Friday, May 11, 2018


    From the get-go, May vehemently denied she was a bootstrap brute. “I am consistently opposed to bullying,” she told reporters after the matter became public. “I’ve stood up to bullying numerous times.”
   Three individuals expressed dismay over May’s intolerable conduct: former interim executive director Rob Rainer, who accused the 63-year-old leader of “verbal and emotional abuse”; Diana Nunes, the party’s director of finance for a decade until she was axed in 2015, who recalled numerous instances where May allegedly “threw a fit” and yelled at employees, describing May as “mean to the core”; and another former staffer, Vanessa Brustolin, a short-term party organizer in Manitoba and Ontario, who asserted that May had yelled at her on three occasions, further claiming she’d been terminated after complaining about the behaviour.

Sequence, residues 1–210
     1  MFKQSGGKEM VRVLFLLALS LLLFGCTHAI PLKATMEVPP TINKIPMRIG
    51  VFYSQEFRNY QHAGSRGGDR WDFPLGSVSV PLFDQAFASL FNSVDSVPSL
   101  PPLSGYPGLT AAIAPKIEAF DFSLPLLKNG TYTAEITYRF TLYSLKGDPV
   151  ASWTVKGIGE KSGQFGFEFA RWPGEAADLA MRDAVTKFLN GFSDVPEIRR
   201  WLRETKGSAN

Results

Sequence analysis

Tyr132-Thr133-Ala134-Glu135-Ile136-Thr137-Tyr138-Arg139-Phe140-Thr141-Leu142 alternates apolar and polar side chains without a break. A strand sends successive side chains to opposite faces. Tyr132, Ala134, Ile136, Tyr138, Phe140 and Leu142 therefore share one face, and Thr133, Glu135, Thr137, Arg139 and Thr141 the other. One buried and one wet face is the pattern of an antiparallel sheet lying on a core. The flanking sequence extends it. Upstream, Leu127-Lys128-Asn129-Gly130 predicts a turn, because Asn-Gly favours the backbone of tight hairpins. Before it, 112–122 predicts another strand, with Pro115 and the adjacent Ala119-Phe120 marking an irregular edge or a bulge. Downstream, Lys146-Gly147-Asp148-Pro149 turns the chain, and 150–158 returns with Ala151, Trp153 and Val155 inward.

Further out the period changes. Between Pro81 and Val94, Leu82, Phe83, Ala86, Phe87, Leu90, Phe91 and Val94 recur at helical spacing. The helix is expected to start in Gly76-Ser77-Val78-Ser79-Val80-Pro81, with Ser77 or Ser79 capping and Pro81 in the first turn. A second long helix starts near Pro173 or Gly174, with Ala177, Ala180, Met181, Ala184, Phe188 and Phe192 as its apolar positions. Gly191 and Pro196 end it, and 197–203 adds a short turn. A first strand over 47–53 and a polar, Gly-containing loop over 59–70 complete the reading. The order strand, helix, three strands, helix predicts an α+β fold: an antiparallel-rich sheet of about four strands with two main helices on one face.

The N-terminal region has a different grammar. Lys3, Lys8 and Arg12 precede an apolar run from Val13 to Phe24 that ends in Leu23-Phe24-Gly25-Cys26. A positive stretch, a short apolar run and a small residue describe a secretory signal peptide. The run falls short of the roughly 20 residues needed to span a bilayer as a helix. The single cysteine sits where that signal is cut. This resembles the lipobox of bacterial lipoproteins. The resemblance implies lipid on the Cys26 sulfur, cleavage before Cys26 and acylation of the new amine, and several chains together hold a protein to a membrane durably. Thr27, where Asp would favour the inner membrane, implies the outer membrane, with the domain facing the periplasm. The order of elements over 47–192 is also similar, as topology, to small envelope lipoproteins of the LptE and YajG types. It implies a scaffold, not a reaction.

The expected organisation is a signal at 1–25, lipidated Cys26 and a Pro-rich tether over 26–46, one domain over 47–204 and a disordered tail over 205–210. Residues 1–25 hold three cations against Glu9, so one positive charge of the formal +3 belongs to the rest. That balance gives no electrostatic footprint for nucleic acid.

Well, boo-hoo.
   On Thursday, May got her piece of flesh vindication: The complaints did not constitute workplace harassment, at least as defined by Ontario’s Occupational Health and Safety Act. Without merit.

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